But such appraisals are most often offered in hope rather than pessimism. These Catholics’ fidelity, especially found in the pro-life and pro-family movements, allows the most ordinary persons to do extraordinary things for the benefit of society and the Church. These faithful also tend to have far larger families, resulting in much joy and active involvement in their civic and Church communities.

In fact, that same realistic observation of moral decay in the current world that would lead to the castigation of faithful Catholics as pessimists and defeatists can be found in The Gospel of Joy itself.

Pope Francis expresses a deep concern about what he calls “veritable attacks on religious freedom or new persecutions directed against Christians.”

He laments: “New patterns of behaviour are emerging as a result of over-exposure to the mass media. … As a result, the negative aspects of the media and entertainment industries are threatening traditional values, and in particular the sacredness of marriage and the stability of the family.”

“The process of secularization tends to reduce the faith and the Church to the sphere of the private and personal,” he says.  “Furthermore, by completely rejecting the transcendent, it has produced a growing deterioration of ethics, a weakening of the sense of personal and collective sin, and a steady increase in relativism.”

The Pope recognizes that “the family is experiencing a profound cultural crisis,” which, he notes, “is particularly serious because the family is the fundamental cell of society, where we learn to live with others despite our differences and to belong to one another; it is also the place where parents pass on the faith to their children.”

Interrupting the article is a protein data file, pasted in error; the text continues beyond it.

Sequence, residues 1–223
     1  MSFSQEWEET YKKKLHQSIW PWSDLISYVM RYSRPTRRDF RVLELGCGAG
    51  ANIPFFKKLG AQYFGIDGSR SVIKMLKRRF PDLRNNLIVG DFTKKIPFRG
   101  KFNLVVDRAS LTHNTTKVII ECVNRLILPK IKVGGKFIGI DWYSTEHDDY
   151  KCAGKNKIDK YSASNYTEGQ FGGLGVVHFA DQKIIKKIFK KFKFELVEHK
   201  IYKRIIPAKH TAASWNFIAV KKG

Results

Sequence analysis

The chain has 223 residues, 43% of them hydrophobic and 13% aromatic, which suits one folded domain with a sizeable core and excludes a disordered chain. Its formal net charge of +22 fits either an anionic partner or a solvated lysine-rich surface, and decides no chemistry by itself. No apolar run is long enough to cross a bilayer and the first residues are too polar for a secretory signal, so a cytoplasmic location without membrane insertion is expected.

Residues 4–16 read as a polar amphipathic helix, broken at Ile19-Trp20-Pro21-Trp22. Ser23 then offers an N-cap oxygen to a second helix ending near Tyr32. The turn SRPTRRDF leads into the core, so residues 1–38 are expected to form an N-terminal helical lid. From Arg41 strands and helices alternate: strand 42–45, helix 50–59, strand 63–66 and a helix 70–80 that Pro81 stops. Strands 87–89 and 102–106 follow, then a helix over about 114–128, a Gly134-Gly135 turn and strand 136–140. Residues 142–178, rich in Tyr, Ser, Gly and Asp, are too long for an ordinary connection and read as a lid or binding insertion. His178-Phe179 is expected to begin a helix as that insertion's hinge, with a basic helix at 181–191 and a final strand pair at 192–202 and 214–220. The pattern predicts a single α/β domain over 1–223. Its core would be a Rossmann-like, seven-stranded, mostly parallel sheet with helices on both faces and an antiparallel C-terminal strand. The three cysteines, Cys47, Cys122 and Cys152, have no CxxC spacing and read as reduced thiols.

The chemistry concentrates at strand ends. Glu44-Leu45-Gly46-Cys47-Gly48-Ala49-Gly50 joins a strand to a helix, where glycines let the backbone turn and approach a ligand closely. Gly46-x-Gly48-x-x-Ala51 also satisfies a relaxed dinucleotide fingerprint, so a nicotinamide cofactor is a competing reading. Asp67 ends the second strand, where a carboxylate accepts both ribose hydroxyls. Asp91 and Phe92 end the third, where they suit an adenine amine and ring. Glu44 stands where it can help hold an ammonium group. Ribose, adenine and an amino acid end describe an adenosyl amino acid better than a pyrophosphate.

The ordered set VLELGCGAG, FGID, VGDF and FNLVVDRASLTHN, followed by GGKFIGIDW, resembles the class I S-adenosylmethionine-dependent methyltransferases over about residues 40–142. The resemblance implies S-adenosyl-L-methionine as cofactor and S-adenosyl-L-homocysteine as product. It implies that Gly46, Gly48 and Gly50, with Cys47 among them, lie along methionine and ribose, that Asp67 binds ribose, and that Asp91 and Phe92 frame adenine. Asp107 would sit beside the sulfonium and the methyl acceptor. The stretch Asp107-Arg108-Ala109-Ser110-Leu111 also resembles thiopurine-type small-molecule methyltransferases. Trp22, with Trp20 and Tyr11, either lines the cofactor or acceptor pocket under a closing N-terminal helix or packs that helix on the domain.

And in The Gospel of Joy, Pope Francis decries abortion, saying that “a human being is always sacred and inviolable, in any situation and at every stage of development. Human beings are ends in themselves and never a means of resolving other problems.”

Francis warns:“Once this conviction disappears, so do solid and lasting foundations for the defence of human rights, which would always be subject to the passing whims of the powers that be.”

If that’s not strong enough, he warns also of Divine retribution because of abortion.  “Reason alone is sufficient to recognize the inviolable value of each single human life, but if we also look at the issue from the standpoint of faith, every violation of the personal dignity of the human being cries out in vengeance to God and is an offence against the creator of the individual.”

What about all that judgment and condemnation?

The Gospel of Joy was penned by the same Pope who famously said “Who am I to judge?” when speaking about “a person [who is] gay and seeks God and has good will.”  And for that reason many will marvel that the exhortation has quite a few uncomfortable references that seem to judge harshly and even condemn faithful, or traditional Catholics.  Here’s a sampling:

Spiritual worldliness, which hides behind the appearance of piety and even love for the Church, consists in seeking not the Lord’s glory but human glory and personal well-being. It is what the Lord reprimanded the Pharisees for…

Since it is based on carefully cultivated appearances, it is not always linked to outward sin; from without, everything appears as it should be. But if it were to seep into the Church, it would be infinitely more disastrous than any other worldliness which is simply moral.

… the self-absorbed promethean neopelagianism of those who ultimately trust only in their own powers and feel superior to others because they observe certain rules or remain intransigently faithful to a particular Catholic style from the past.

In some people we see an ostentatious preoccupation for the liturgy, for doctrine and for the Church’s prestige, but without any concern that the Gospel have a real impact on God’s faithful people and the concrete needs of the present time.